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Getting Divorced in Illinois? Make Sure to Consider These Property Division Concerns

Posted on in Divorce

IL divorce lawyerTypically, when a couple gets married, very little emphasis is placed on the financial implications of the marriage relationship. We prefer to think of marriage as a romantic union rather than a legal or economic arrangement. However, the financial consequences of marriage and divorce can be profound. If you are getting divorced in Illinois, it is important to be aware of the various asset division issues you may encounter.

How Will You Divide Your Property?

When most people think of property division during a divorce, they imagine divvying up furniture and other physical property. However, property division includes much more than physical property such as this. You may also need to consider how to handle investments, life insurance policies, retirement accounts, cryptocurrency, real estate, businesses, and professional practices. Assets that are hard to value or have fluctuating value will be especially difficult to value and divide in divorce.

How Wil You Address Property with Sentimental Value

It is crucial to remember that some property is meaningful not because of its financial value but because of its sentimental value. Have you considered who will keep family heirlooms, keepsakes, collectibles, or other sentimental items? What about the family pets? Although Illinois law does distinguish pets from other types of property, family pets are still subject to property division laws during divorce. Because these are often highly emotional questions, dividing property with personal or sentimental significance can become contentious.

How Will You Allocate Debts?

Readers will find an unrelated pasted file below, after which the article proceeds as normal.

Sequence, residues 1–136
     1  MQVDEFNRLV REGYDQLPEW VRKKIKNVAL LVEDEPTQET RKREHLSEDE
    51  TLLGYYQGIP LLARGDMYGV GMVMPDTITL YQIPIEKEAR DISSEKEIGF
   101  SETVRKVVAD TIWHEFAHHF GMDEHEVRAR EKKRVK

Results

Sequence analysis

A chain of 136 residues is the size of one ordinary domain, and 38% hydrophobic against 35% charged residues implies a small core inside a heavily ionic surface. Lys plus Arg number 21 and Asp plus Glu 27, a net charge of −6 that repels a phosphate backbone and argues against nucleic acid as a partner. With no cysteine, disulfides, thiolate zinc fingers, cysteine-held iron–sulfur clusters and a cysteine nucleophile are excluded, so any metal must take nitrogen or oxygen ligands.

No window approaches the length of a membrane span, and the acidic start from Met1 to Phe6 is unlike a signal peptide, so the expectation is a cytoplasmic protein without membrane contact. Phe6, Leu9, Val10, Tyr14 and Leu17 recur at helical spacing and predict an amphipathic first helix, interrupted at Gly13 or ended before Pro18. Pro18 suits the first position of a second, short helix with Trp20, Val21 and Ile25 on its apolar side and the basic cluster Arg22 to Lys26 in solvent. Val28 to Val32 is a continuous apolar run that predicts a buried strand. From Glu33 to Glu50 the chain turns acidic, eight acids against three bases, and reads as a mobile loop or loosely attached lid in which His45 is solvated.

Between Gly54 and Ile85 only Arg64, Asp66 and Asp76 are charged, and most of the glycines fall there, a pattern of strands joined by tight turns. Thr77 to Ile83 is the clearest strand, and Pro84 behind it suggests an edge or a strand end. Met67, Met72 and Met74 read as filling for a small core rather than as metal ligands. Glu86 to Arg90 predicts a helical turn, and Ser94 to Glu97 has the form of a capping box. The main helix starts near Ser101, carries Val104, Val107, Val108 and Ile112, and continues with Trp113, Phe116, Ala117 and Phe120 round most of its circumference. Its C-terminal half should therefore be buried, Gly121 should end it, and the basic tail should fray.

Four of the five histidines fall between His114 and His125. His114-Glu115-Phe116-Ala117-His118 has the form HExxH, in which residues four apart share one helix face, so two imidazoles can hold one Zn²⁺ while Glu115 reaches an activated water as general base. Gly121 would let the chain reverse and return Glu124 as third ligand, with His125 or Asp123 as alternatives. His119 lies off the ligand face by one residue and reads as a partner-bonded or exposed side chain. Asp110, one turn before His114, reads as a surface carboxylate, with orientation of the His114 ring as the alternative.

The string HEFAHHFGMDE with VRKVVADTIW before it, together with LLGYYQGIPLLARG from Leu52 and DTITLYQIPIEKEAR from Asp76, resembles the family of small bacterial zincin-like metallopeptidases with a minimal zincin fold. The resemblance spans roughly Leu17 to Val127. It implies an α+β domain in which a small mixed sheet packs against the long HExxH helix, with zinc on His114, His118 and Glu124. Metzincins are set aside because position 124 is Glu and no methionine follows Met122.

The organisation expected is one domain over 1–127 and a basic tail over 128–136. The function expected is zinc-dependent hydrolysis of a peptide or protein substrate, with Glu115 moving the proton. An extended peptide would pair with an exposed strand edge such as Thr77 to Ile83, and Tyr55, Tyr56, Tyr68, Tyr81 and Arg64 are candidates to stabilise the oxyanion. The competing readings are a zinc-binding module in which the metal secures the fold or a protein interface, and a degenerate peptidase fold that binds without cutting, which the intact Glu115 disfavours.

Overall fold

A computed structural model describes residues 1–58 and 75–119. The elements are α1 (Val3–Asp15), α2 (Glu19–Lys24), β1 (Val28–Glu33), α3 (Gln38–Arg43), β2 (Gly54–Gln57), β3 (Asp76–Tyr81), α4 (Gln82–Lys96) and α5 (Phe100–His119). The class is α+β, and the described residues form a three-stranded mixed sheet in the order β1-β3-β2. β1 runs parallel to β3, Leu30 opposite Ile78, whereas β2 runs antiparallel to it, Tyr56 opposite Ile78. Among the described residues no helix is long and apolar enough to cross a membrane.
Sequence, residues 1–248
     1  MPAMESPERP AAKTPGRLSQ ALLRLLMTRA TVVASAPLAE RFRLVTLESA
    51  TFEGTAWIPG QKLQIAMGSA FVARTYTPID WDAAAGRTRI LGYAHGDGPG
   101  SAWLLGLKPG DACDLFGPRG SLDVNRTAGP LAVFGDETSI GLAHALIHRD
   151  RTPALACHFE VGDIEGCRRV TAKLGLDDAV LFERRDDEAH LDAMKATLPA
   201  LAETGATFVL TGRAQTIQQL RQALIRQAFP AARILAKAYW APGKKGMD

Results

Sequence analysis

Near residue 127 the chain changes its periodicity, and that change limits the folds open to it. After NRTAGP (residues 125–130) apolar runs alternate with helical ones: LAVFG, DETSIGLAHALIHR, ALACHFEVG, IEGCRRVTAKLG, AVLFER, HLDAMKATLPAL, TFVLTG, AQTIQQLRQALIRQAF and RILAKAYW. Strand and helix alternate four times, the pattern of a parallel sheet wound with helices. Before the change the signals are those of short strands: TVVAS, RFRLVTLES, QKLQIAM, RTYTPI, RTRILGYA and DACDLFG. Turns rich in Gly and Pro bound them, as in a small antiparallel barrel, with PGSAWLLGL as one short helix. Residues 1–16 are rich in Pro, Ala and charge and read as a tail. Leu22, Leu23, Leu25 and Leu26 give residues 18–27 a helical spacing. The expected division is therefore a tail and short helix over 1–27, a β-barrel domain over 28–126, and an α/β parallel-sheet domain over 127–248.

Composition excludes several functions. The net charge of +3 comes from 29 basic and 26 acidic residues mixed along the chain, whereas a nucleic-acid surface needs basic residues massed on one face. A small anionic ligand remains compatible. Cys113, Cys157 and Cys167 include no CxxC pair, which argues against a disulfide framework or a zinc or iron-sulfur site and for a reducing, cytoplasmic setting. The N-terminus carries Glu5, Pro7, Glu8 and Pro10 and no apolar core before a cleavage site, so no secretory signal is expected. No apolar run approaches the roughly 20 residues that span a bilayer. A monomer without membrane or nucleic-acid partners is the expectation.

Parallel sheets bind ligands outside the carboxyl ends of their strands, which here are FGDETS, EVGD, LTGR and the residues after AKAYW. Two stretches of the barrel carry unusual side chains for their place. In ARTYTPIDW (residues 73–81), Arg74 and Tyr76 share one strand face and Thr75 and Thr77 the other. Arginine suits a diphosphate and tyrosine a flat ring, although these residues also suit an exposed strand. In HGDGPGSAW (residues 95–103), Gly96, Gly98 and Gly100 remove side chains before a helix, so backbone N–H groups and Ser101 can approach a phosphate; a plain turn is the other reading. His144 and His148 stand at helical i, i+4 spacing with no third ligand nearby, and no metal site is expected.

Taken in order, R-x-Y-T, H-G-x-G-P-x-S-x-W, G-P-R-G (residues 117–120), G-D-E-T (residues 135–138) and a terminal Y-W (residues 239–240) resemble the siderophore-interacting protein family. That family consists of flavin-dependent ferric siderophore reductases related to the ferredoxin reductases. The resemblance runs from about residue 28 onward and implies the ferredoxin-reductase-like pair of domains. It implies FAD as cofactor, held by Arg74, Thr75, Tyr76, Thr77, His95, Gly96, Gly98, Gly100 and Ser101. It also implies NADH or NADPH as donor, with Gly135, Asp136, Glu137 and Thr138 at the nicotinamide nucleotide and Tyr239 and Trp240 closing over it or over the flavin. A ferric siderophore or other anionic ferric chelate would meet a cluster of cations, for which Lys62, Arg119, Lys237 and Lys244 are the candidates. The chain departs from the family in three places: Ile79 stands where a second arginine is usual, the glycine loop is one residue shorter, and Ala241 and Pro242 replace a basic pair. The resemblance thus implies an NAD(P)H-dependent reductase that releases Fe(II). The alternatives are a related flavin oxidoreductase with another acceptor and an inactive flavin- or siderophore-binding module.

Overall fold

Property division does not only deal with assets. You must also consider how you will divide debts such as your home mortgage, credit card debts, and loans. Property and debts obtained by either spouse during the marriage are contained within the marital estate and are therefore jointly owned by both spouses. For example, if your spouse acquired a hefty credit card bill during the marriage, you may be jointly liable for the debt – even if you did not know about the credit card! Furthermore, getting divorced does not absolve you from your obligations to creditors or lenders. If your spouse agrees to pay off a debt and fails to do so, the creditor may pursue payment from you long after the divorce is over.

Contact an Illinois Property Division Lawyer

If you are getting divorced, there are a number of financial issues you will likely need to contend with. For help with the division of assets and debts, child support, spousal maintenance, and other financial concerns during divorce, contact an Arlington Heights divorce lawyer from A. Traub & Associates. Call us today at 847-749-4182 for a confidential consultation.

 

Source:

https://www.ilga.gov/legislation/ilcs/documents/075000050k503.htm

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